Ekiben and Tachinomiya Take Over Grand Central Station!


A Japanese “pop-up” bar installed right in Grand Central Terminal’s Vanderbilt Hall?  3 sake sommeliers along with a sake samurai serving up 90 kinds of jizake (handcrafted rice wine) prized across Japan painstakingly produced by small batch regional brewers.  Yours sold in flights of five for $25!

 

This is your glimpse into how this year’s Japan Week (March 19-21) will be shaping up.  In conjunction with celebrating Grand Central Terminal’s centennial and other Japanese cultural highlights like geisha face painting, and kimono shows, here are 2 must-experience “on-the-go” food and drink offerings.

 

Tachinomiya

 

“The tachinomiya, or standing bar, a long tradition in Japan, typically features a wide range of sake and shochu, especially in large cities like Tokyo where it is common for business commuters to have a quick drink prior to boarding a train home,” says Yuki Tanaka, Executive Director, Japan National Tourism Organization (JNTO). “New Yorkers will have an authentic taste of this phenomenon with a dazzling selection of fine sakes from 9 Japanese prefectures (provinces)".

 

Ekiben

 

Ekiben are bento box meals specifically sold in railway stations throughout Japan. What makes them stand out is their unique fresh regional ingredients at an average price of $10.  Sampling these boxes will effectively serve as a culinary tour of Japan’s diverse regions.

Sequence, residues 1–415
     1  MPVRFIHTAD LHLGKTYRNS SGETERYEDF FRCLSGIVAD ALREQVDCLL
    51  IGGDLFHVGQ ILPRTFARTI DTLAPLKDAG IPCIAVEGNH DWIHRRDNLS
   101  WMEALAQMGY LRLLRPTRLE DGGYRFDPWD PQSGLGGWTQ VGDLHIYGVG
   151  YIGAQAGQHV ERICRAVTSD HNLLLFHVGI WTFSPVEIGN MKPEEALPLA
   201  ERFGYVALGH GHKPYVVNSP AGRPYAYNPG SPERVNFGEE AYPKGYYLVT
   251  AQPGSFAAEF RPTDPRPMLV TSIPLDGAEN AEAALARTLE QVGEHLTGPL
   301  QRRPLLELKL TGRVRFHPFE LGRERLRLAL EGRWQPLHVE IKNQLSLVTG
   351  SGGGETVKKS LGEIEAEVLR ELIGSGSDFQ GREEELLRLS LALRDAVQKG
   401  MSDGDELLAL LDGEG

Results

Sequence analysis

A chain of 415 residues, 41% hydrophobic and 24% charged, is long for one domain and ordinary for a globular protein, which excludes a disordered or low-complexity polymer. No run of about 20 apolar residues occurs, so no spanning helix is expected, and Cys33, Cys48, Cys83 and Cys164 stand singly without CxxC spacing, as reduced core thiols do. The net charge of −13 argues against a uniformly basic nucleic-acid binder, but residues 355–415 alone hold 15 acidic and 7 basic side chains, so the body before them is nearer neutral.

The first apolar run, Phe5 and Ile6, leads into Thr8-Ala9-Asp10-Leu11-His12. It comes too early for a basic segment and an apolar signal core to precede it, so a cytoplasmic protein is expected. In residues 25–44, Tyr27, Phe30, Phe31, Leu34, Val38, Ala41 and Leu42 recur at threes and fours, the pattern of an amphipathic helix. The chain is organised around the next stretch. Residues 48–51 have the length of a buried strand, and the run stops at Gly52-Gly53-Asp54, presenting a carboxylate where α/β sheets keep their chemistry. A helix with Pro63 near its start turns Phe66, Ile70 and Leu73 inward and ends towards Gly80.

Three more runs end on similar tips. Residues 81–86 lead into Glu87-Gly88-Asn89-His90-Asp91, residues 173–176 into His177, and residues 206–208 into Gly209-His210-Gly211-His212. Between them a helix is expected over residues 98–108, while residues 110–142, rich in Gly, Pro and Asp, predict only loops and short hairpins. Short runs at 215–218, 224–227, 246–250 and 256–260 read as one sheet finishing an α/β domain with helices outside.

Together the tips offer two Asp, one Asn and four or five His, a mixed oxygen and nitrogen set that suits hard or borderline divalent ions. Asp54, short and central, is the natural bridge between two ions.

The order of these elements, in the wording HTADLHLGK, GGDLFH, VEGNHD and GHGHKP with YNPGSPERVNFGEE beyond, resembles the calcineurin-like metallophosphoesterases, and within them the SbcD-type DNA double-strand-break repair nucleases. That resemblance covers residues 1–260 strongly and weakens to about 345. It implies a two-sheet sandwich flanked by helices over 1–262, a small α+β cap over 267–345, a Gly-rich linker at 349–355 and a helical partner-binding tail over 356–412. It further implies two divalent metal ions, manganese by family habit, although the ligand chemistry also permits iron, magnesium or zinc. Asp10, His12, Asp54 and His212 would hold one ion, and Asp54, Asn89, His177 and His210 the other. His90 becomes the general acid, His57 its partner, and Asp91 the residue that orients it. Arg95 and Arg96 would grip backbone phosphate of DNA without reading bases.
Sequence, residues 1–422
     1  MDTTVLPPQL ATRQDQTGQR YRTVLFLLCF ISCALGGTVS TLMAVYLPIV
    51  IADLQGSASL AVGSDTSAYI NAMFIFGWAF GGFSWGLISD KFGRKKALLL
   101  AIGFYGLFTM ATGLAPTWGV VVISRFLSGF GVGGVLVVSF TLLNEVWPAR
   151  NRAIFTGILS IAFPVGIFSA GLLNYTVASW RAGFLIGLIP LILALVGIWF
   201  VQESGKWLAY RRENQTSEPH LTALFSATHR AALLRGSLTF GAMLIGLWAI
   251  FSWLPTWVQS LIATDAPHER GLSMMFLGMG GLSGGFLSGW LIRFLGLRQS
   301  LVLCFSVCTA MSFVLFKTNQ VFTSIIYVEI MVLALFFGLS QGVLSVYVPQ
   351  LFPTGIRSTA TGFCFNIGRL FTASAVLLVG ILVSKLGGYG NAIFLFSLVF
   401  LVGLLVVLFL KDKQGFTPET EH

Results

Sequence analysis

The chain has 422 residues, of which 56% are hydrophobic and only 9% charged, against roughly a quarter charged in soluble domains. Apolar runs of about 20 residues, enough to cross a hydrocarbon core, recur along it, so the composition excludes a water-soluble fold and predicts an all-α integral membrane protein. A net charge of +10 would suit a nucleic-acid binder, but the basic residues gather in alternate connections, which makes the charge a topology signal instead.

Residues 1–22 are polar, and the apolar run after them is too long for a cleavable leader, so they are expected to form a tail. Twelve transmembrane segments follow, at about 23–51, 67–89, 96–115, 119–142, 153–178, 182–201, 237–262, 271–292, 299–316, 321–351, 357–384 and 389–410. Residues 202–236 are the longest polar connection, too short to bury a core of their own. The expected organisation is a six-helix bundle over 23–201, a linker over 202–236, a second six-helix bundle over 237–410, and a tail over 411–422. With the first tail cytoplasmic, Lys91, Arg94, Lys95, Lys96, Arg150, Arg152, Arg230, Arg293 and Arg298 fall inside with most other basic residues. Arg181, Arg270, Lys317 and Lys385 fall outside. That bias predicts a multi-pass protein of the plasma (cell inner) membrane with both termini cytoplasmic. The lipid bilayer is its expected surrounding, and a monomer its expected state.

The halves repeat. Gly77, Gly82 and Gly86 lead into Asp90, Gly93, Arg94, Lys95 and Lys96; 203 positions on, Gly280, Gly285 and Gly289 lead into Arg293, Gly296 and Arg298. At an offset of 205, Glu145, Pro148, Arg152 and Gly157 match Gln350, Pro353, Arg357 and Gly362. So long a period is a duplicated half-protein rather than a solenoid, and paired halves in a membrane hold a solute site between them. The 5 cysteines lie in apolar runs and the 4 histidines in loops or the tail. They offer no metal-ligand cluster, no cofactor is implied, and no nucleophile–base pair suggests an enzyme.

Some train stations are so famous for their ekiben that people go out of their way to visit that station just for the food.  Examples include Toyama prefecture, known for its Masu no Sushi (Salmon trout sushi) first created in 1717. This ekiben offers a layer of vinegar-marinated rice topped with thin layers of salted rainbow trout on the top. Bamboo leaves are laid on the bottom to preserve the color and flavor of these natural ingredients.

 

60 miles north of Tokyo, the Gunma prefecture is renowned for its 2 two popular ekiben: Toge no Kamameshi and Joshu no Asagayu.  Toge no Kamameshi is a rice bowl prepared in a large earthen pot (keeps ingredients hot) while Joshu no Asagayu, a low calorie rice porridge commonly eaten when you are sick or hung over is usually served in the morning.

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